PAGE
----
Navigating OT Networking and Security in the Cloud Era


An Adaptive Purdue Model Perspective

In the realm of operational technology (OT) security, we are faced with challenges that evolve seemingly faster than organizations can accommodate. These challenges have become particularly evident as segments of manufacturers with traditionally on-premises environments are increasingly moving some of their operations to the cloud.


The integration of OT networks with a variety of cloud services promises unparalleled efficiency and flexibility, but with it comes some complex security challenges. It is important to consider these challenges when implementing a cloud-based solution for an OT environment. Is the Purdue model up to the challenge, and can it continue to safeguard OT assets? Can it be adapted to keep up with the business challenges and requirements of manufacturing today?


In this blog, I delve into the intersection of OT networking, security and the cloud by examining the Purdue model – a cornerstone of OT security architecture – and how security professionals might need to adapt to meet present-day demands. I will explore factors to consider when connecting cloud-based systems to an OT environment, what vulnerabilities may exist and ways to mitigate risks while not crippling performance.



Overview of the Purdue Model

The Purdue model of industrial control systems (ICS) or OT originated from research completed in the late 1990s at Purdue University. The developers created this standardized framework to help organizations meet the growing demands for protecting the manufacturing, energy and utilities. Nearly 30 years later, it has been adopted across industries as best practices for OT networking and security. Some may argue that it is not a security architecture or framework because it was not originally intended to be. However, it does serve as a foundation to layer security controls on top of. Does it have what it needs to stand up to the demands placed on it today?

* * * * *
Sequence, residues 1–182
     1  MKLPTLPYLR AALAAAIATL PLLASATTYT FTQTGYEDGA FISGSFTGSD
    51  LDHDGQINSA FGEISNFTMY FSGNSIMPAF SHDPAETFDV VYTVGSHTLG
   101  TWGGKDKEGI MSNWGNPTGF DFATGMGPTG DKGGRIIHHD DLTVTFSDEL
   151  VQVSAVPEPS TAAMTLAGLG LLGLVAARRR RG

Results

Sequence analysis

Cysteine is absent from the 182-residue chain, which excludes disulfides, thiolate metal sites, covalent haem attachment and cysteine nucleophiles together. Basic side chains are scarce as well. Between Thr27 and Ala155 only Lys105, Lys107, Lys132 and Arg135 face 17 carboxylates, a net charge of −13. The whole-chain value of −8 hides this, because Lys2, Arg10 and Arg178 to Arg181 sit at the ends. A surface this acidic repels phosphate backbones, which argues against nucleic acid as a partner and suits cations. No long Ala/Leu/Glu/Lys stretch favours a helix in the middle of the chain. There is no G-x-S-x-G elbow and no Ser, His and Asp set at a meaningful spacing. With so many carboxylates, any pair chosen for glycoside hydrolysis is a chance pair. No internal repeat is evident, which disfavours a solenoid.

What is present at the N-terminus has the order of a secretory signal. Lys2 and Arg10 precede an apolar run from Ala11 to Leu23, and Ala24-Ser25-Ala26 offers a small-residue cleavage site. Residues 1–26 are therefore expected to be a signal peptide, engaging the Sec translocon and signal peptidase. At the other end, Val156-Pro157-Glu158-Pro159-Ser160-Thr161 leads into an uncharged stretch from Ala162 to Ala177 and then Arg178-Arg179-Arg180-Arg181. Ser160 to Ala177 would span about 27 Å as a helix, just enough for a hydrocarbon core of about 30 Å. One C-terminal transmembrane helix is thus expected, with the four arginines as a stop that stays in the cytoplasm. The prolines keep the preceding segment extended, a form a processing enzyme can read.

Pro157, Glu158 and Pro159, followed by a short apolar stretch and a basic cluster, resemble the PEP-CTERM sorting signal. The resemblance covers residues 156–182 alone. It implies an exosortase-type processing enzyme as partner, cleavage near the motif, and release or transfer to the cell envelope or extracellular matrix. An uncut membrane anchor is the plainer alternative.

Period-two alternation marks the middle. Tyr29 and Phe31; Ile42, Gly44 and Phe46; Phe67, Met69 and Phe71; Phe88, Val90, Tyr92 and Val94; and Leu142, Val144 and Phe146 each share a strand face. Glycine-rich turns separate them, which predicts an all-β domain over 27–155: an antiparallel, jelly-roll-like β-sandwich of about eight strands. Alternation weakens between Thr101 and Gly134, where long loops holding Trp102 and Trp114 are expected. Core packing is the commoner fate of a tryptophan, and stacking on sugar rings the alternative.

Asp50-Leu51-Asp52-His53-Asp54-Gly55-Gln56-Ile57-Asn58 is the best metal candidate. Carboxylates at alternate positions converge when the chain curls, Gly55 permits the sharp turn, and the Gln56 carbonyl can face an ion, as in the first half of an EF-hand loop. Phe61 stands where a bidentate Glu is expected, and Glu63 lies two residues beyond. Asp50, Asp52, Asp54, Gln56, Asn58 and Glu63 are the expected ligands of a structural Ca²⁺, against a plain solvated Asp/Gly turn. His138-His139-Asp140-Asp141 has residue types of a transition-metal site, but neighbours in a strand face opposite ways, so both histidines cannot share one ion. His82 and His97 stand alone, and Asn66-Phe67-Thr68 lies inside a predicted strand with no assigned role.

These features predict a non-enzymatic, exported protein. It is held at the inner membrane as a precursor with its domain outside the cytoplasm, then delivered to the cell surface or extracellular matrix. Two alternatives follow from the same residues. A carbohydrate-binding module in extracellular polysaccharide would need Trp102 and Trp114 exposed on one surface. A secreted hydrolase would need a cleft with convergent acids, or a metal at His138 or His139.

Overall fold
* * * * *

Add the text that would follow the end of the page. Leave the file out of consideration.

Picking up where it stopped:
Summary of Purdue Model Layers


As shown in the image below, here is a summary of the different layers in the Purdue model.


  • Level 4/5 (enterprise zone): Can represent network and associated workloads that interact with the internet, e.g., hosting a webserver (Level 5) and perhaps an intranet not intended to be accessed outside the organization (Level 4)
  • Level 3.5 (DMZ): Hosts remote access servers, patch management and applications, as well as mirrors to prevent applications or hosts from having direct access to levels that exist on the other side of the DMZ
  • Level 3 (industrial security zone): Where most lower-level devices offering SCADA communicate with network services, historians, SCADA or optimization applications
  • Level 2 (top of the individual cell/area zone): May be a physical area in a facility dedicated to a specific function or a group of equipment dedicated to a specific process or product
  • Level 1/0 (bottom of cell/area zone): Where you have basic control systems and their associated devices and processes



Information Graphic OT Cloud (1)

Figure 1: Purdue model review


The point here is that the DMZ, commonly referred to as level 3.5, offers an offloading zone for a break in communications to mirrors, proxies and terminal services, among others, to provide an additional layer of security before data gets relayed out to the enterprise or remote access and services, like AV and patches, are allowed to pass into the OT environment. These systems are not commonly mission critical down to the minute or hour. Applying more regular security patches, along with having firewalls maintain the boundary, allows the OT network and assets to operate with patches that might otherwise not be best accessible from the enterprise of systems that may also have direct access to the internet.